Most banks equate a core banking system replacement with transformation. These banks tend to think of the replacement of the core systems as the silver bullet that will solve all issues, stop the bleeding of market share, stabilize the existing customer base, and help the bank start to grow again. So what I’m about to share my shock some of you – 80% of what impedes a bank from achieving great results has absolutely nothing to do with the Core Banking System.
Now don’t get me wrong, core banking replacement is extremely important, and there is no doubt that the vast majority of banks need to address their current core system architecture, business functionality, and channels integration in order to satisfy current and future business needs. The problem is that most banks do not realize how hard it is to transform the business via a program focused only on their core banking system.
The issues that plague most banks, the issues that generated the current status quo are not core banking related. Rather the core banking system of most banks are a result of the status quo, organizational structure, and organizational behavior embedded in the culture of the bank. If a bank is not willing to address these areas first then no matter what systems are selected the bank will either spend significantly more money and time than they should to implement or worse they will spend time and money to implement a like-for-like system replacement with no transformed business process, no transformed culture and absolutely no differentiation in the market.
For example a common issue that tends to come to light during the transformation of any bank is that the business silos within the bank are not willing to give up their autonomy in favor of the greater good of the bank. For example silos run separate data stores, separate customer files, separate origination systems, have separate budgets, in some cases separate technology groups, and the list goes on and on. Flattening these offerings allows a bank to provide easier total view of clients, and ensure that enterprise data comes from only one source. It also allows the bank to reduce the total cost of operation through streamlining of systems and processes. These are all things that are obvious to any enterprise architect but in the context of the bank’s culture the business doesn’t see it the same way and if unaddressed the enterprise will start to make decisions that are for the good of a silo not the good of the customer or wider bank.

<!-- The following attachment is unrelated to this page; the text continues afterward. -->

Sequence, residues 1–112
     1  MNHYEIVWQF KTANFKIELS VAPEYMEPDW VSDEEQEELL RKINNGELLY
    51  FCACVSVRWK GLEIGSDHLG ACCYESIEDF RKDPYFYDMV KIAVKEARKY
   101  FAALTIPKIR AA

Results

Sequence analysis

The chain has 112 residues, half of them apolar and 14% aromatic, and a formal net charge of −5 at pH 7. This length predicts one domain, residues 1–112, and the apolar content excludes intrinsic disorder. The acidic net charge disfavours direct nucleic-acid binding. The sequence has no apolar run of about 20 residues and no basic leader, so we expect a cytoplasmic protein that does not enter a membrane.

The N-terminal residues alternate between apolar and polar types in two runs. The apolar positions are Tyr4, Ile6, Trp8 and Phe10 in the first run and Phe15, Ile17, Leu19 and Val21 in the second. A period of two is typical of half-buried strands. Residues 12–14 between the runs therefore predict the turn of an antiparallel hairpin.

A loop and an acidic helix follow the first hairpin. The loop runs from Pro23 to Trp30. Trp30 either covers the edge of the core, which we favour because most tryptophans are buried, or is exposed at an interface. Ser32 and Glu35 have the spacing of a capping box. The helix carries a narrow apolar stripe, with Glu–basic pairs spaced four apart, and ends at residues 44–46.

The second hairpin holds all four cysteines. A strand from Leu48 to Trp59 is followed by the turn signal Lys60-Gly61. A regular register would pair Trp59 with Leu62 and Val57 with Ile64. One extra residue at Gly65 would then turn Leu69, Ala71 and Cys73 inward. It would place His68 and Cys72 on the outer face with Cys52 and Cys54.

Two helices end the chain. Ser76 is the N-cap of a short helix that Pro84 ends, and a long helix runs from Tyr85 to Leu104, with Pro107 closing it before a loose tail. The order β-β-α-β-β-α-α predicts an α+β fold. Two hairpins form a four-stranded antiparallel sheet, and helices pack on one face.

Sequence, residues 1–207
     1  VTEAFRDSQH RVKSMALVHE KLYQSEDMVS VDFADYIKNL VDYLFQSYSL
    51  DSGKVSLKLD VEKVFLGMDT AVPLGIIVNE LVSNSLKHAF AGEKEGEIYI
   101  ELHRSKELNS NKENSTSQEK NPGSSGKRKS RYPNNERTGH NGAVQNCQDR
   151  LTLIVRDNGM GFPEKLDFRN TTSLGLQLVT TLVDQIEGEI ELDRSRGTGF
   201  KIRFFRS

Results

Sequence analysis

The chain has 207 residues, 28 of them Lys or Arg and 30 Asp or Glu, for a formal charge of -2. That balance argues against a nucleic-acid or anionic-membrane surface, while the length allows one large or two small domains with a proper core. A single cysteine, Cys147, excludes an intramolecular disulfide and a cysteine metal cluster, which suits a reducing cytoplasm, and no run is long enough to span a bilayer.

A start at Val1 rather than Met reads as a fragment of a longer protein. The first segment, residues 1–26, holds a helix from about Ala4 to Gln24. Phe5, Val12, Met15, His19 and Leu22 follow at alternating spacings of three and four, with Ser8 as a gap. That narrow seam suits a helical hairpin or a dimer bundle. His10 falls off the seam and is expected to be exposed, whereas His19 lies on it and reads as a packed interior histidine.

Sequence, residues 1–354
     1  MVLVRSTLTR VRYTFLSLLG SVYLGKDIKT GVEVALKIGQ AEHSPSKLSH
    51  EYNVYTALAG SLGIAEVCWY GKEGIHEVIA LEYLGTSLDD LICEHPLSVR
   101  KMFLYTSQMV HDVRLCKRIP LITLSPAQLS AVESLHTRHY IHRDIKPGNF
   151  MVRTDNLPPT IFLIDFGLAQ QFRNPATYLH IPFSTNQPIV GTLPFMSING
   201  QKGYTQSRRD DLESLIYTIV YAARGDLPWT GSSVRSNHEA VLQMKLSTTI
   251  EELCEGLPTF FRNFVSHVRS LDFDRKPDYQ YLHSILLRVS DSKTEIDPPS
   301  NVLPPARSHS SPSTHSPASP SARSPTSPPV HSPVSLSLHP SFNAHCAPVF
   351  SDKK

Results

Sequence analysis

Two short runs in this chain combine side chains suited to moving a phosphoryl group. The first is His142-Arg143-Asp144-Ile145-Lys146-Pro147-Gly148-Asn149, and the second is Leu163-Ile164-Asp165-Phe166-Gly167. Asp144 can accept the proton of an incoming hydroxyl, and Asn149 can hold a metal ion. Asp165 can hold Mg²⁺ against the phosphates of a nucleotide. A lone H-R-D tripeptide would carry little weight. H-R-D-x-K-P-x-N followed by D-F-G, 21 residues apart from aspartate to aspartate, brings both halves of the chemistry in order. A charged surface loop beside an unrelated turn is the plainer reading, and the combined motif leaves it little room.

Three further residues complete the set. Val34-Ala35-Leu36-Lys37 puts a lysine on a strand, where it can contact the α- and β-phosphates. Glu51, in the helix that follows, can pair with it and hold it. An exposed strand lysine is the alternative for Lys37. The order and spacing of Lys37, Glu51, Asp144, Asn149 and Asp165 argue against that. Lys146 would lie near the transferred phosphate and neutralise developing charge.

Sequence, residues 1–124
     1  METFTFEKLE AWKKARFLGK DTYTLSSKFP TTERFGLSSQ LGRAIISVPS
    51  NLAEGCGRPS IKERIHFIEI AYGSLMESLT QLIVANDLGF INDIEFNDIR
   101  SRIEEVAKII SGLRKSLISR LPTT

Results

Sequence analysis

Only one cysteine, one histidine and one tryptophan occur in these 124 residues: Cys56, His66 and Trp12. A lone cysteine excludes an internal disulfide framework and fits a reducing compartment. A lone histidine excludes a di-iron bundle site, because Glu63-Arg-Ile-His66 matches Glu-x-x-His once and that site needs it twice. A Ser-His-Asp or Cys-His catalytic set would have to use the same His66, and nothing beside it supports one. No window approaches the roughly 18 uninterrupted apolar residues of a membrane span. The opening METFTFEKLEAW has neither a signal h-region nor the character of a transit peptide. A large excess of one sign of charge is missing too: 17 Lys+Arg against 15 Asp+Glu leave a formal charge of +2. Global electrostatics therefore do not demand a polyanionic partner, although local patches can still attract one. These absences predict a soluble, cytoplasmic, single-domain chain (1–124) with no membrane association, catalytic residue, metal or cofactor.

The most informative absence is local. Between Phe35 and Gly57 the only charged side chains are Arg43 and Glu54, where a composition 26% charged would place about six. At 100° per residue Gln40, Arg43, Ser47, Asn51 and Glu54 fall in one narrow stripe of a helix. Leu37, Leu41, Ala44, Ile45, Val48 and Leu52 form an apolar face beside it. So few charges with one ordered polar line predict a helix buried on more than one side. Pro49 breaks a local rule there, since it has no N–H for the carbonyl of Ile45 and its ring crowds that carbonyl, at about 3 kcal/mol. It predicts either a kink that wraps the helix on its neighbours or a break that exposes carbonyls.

Correcting this type of behavior requires a well-communicated vision, incentives to promote the right kind of behavior, and drastic consequences for impeding the transformation. So the success of the transformation, including a core banking replacement depends on the banks ability to address their organizational structure, behavior, and culture. Face the brutal truth of how the bank currently operates and set it self up for transformational success prior to even starting the transformation program.